Dorothy Day, 1934

Dorothy Day, cofounder with Peter Maurin of the Catholic Worker Movement, died 32 years ago, on November 29, 1980. Like many other activists who have struggled for social justice and worked among the poorest, most forgotten members of society, she is more respected by mainstream Americans, religious leaders, and commentators now than she was during all but the last decade of her life. In life she had the annoying habit of pointing out the discrepancies between our Gospel calling to serve the Lord in those around us, especially in the poor and most vulnerable, and our national focus on the value of making money and enjoying a middle class or higher lifestyle. She opposed war and participated in demonstrations against all wars, including World War II. She supported Cesar Chavez and the labor union movement. She was not unwilling to go to jail and did so on multiple occasions. She lived and died in a Catholic Worker house of hospitality in New York, providing services including food, clothing, shelter, and a cup of good coffee to the poor and homeless. With other activists, she also participated in non-violent direct actions aimed at changing the social structures that lead to poverty and homelessness.

Movies have been made and books written about this woman whose work led to the establishment of the Catholic Worker. Church leaders today speak of her with respect and support her cause for sainthood. Men and women around the world join together in soup kitchens, hospitality houses, and communal farms to carry on the work she began.

This year, Dorothy Day’s feast falls outside of Advent. Last Sunday we celebrated the Solemnity of Christ the King. The convergence of  our celebration of a King who was crucified, died, and rose from the dead with our celebration of the life of a woman whose life was focused on serving that King in the poorest of the poor is one that does not happen often. Yet it seems fitting that this connection should be noticed. Serving the poor and disenfranchised is hard, dirty, smelly, frustrating work. Most people who live on the street are not there by choice, yet some prefer to remain on the streets rather than deal with the requirements of the various shelters or programs in their communities. Some have mental illnesses that are untreated. Some battle post-traumatic stress. Some have lost their homes as a result of loss of employment or long-term illnesses. Families and single people live on the streets. Children and old men and women live on the streets. It’s cold, lonely and dangerous there and all too often, the rest of us pass by without noticing them or if we do see them, we somehow assume it’s their own fault and feel no compulsion to try to help.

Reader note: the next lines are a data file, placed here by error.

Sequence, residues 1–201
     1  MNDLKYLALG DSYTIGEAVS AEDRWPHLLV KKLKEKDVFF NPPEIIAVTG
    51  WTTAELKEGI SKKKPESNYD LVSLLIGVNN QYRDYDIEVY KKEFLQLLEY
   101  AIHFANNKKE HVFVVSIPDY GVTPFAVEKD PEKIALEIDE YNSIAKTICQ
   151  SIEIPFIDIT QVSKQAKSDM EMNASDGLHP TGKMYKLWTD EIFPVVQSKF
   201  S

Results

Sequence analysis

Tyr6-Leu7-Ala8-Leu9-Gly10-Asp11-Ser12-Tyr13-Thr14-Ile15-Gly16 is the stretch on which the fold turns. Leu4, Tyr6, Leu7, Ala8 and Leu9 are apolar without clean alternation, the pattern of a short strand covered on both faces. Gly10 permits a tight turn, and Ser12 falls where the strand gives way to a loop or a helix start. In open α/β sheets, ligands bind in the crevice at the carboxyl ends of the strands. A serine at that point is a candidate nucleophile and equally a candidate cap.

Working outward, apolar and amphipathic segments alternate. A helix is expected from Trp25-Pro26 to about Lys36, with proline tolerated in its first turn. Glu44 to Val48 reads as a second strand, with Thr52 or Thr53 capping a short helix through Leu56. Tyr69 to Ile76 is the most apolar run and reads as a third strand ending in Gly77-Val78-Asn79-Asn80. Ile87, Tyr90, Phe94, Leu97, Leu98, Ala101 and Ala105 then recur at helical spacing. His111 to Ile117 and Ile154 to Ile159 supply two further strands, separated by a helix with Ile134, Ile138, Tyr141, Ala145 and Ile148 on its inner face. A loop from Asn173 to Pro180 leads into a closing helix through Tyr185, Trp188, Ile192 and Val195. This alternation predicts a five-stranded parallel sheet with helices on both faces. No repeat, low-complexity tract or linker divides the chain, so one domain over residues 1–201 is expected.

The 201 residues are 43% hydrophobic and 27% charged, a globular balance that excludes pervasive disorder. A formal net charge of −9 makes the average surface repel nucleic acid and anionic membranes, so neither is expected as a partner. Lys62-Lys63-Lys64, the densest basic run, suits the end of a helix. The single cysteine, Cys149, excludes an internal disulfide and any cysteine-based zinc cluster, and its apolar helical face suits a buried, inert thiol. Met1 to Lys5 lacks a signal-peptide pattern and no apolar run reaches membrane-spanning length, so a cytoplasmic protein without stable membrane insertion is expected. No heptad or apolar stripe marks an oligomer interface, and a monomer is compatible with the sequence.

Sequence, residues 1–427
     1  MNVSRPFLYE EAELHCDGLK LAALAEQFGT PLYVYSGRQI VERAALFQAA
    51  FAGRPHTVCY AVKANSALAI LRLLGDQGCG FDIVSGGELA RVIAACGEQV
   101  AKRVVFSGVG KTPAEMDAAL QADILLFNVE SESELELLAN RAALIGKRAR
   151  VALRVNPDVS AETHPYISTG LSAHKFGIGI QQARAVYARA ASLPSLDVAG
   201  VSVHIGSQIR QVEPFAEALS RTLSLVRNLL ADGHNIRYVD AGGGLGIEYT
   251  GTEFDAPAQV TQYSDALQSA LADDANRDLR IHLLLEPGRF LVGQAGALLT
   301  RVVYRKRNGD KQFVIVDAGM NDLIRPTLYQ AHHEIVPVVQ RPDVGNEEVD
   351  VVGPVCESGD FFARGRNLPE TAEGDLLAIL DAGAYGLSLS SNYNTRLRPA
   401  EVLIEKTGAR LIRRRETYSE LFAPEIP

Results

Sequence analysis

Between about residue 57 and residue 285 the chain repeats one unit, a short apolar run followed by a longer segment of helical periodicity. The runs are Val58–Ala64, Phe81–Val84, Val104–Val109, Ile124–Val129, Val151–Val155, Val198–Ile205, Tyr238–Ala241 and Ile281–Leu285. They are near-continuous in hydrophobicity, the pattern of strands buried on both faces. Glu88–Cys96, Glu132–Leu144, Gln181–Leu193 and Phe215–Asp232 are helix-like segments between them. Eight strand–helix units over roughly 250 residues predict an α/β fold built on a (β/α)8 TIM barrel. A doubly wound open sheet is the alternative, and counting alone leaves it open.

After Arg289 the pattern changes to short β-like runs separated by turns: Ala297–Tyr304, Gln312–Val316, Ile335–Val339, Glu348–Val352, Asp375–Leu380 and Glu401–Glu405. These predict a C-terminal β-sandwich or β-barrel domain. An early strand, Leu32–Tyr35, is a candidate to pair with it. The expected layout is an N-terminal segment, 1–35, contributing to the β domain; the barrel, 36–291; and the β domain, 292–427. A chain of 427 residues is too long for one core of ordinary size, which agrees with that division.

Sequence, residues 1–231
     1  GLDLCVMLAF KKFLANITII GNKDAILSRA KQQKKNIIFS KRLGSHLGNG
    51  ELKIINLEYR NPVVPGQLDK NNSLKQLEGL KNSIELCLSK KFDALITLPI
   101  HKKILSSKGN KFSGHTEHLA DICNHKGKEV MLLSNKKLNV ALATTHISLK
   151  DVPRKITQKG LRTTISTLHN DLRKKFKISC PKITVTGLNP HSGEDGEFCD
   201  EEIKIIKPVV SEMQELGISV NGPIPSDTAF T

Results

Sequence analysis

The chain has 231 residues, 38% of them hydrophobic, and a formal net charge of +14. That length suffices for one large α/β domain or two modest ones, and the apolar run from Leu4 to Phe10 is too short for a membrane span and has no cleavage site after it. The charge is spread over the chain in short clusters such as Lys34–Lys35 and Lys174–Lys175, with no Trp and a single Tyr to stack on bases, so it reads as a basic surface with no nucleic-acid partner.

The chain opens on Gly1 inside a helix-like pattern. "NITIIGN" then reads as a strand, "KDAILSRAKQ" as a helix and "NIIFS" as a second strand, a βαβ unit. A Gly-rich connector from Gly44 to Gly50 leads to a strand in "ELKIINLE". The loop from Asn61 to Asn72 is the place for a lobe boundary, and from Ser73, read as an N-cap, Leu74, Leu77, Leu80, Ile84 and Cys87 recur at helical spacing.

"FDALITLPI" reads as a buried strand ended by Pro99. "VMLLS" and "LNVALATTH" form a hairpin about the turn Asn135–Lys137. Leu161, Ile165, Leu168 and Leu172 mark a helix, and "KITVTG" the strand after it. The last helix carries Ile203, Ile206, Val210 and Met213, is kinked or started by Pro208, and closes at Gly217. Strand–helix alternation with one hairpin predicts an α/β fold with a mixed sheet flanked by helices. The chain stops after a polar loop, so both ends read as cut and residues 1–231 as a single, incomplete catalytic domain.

Those who enter pastoral ministry, social workers, and others who regularly deal with the homeless and disabled quickly learn that it is not glamorous or easy to provide support and care for this population, particularly with scant resources and personnel. Yet as Dorothy noted, “The mystery of the poor is that they are Jesus, and what you do for them you do to Him.” This doesn’t mean she was never frustrated or angry with God. Anyone who regularly deals with impossibly difficult individuals, bureaucracies, social structures, and disdainful or fundamentally unaware fellow church members or citizens will experience times of total anger and frustration. Faithfulness to the call to serve Jesus in this way requires continuing anyway — telling God what a mess it all is, maybe telling God how angry one is feeling, complaining about how hard it is to keep going or to deal with the physical realities of life on the street or in poor neighborhoods, and then going out and continuing the work. This is the connection with Christ the King: faithful following of the call to service of the poor and vulnerable and to change those social institutions that keep so many people trapped in poverty.